How to watch as an asteroid zooms close to Earth this week
It’s not uncommon for asteroids to pass relatively close to Earth, but it’s rare that we actually get the chance to witness them as they soar by. Sometimes, researchers Asteroid 2020 SW on Friday, ahead of its visit to Earth.about near-Earth objects until after they have passed, but astronomers discovered
The asteroid will make its closest approach to our planet on Thursday. Eager skywatchers have the unique opportunity to witness 2020 SW’s close approach via a live feed, courtesy of the Virtual Telescope Project, starting on Wednesday at 6 p.m. ET.
Dr. Paul W. Chodas, the director of the Center for Near-Earth Object Studies (CNEOS) at NASA’s Jet Propulsion Laboratory, told CBS News on Tuesday that the asteroid will be too faint to see with the naked eye, but viewers with 12-inch telescopes should be able to spot it. “It will be moving quite fast, and the amateur would have to know precisely where to look to find it” by using a star map, Chodas said.
SW 2020 will get pretty close to Earth, but Chodas said it has “no chance at all” of colliding with us. He said it will come within about 14,000 miles of the planet’s surface.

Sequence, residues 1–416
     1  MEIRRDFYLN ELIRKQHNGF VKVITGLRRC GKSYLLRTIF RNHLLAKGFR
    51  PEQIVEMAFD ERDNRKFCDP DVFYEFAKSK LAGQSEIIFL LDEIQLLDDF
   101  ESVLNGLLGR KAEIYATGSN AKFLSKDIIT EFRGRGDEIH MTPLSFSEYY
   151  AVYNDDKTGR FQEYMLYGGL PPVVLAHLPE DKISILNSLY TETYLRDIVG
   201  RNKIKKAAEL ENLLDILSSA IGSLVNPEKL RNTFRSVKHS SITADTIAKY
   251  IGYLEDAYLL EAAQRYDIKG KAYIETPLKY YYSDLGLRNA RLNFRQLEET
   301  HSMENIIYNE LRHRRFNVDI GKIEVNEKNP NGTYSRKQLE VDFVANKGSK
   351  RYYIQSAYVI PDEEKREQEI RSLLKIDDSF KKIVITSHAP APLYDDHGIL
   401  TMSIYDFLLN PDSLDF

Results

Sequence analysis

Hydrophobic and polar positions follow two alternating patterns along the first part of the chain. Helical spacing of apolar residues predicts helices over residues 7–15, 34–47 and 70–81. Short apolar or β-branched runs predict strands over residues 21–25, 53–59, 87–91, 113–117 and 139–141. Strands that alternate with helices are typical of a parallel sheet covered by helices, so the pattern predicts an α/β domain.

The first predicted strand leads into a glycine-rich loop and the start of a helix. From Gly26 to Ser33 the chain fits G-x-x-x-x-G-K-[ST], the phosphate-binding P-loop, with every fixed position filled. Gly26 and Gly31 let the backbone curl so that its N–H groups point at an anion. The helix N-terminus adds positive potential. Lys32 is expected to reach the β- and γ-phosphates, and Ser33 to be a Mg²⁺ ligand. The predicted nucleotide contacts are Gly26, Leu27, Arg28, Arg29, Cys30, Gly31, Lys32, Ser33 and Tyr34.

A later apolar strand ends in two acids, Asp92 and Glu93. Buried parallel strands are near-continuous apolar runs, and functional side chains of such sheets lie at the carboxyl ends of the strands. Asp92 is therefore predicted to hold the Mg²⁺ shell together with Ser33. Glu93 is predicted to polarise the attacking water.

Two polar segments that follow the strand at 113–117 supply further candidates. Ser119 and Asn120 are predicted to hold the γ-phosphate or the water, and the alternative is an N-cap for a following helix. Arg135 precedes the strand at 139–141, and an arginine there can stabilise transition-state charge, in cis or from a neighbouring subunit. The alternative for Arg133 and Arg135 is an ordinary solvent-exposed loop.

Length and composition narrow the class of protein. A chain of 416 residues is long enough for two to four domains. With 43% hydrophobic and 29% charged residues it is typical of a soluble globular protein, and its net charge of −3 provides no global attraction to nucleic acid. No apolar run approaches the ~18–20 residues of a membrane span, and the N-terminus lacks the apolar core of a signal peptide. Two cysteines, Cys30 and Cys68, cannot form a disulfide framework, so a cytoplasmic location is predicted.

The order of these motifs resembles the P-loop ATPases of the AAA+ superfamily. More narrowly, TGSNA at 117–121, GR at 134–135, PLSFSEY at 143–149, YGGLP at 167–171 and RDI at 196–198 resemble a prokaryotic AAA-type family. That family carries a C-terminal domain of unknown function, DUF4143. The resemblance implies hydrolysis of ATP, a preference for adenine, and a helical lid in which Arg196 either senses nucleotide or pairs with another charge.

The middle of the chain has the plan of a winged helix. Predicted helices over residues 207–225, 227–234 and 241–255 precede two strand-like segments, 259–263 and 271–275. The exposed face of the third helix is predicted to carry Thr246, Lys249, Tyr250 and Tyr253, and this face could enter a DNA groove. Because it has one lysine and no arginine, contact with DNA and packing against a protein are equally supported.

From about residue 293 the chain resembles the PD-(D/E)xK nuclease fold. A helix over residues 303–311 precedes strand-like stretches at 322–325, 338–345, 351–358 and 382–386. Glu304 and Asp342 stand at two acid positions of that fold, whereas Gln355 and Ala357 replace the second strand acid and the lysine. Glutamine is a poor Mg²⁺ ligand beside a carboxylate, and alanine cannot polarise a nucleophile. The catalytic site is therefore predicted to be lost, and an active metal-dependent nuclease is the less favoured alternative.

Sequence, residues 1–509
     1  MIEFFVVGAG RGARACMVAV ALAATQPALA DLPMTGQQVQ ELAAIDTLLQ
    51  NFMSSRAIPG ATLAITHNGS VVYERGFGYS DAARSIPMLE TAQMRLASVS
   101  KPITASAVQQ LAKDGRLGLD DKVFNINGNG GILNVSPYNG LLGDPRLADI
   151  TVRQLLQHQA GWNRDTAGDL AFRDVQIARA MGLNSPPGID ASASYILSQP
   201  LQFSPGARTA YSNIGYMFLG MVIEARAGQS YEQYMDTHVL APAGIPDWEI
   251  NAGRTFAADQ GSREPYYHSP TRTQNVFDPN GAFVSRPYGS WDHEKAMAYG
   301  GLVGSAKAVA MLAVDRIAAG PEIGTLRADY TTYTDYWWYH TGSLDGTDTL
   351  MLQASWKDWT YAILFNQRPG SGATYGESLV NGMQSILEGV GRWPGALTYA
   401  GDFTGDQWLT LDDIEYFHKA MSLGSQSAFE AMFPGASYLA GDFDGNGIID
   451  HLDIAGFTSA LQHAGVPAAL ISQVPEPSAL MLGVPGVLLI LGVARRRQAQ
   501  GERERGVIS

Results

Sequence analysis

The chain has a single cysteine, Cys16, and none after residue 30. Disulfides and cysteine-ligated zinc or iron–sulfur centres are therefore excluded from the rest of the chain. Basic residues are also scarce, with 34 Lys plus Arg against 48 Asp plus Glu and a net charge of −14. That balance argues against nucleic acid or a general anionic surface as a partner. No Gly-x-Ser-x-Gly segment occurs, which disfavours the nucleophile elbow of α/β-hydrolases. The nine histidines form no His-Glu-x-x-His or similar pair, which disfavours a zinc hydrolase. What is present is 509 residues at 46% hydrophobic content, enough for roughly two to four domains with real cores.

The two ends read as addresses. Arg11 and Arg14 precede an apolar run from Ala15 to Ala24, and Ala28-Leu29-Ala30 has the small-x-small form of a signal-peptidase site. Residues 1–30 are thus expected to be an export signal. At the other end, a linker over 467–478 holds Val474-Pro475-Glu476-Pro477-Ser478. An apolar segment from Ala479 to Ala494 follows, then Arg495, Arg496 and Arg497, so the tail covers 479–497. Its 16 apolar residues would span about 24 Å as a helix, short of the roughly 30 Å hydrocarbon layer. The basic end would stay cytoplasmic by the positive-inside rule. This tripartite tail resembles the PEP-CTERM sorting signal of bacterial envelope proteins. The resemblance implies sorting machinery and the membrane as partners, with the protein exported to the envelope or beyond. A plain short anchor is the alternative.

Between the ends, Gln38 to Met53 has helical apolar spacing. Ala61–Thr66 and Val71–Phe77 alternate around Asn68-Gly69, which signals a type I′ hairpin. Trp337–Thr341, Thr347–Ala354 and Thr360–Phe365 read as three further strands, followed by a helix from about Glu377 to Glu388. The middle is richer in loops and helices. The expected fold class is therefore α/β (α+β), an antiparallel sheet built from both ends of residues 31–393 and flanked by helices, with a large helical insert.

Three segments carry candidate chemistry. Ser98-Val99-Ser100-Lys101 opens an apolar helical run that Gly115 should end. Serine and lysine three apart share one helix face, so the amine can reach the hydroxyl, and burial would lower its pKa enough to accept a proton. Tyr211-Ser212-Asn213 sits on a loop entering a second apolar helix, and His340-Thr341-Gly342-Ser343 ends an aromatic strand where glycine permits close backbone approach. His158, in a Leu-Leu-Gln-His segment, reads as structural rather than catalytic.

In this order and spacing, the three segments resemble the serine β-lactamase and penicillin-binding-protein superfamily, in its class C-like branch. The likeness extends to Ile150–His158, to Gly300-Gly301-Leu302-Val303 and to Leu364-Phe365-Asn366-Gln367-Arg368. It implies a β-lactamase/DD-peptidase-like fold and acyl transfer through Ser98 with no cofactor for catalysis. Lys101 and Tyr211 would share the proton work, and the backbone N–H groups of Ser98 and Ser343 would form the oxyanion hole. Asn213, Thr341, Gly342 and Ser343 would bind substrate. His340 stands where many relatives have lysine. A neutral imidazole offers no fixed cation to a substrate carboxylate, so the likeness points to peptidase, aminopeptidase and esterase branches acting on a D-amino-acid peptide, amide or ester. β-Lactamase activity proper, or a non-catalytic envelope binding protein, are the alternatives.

For perspective, the moon is about 240,000 miles away, and the satellites used for television broadcasting and weather are about 23,000 miles away.
The asteroid is also quite small, measuring somewhere between 14 feet and 32 feet in diameter, according to the CNEOS. It’s so small that Earth’s gravity will likely change its trajectory when it zips by at around 7:12 a.m. E.T. on Thursday.
When the asteroid returns in 2041, it will have a much more distant approach, Chodas said.
In August,became the closest-ever to Earth, getting within about 1,830 miles of the planet and surviving. It wasn’t discovered until six hours after it passed over the southern Indian Ocean.
is expected to make a close approach on November 2, just one day before the presidential election in the U.S. Even if that asteroid, 2018 VP1, did hit Earth’s atmosphere, it would be too small to do any damage, according to NASA.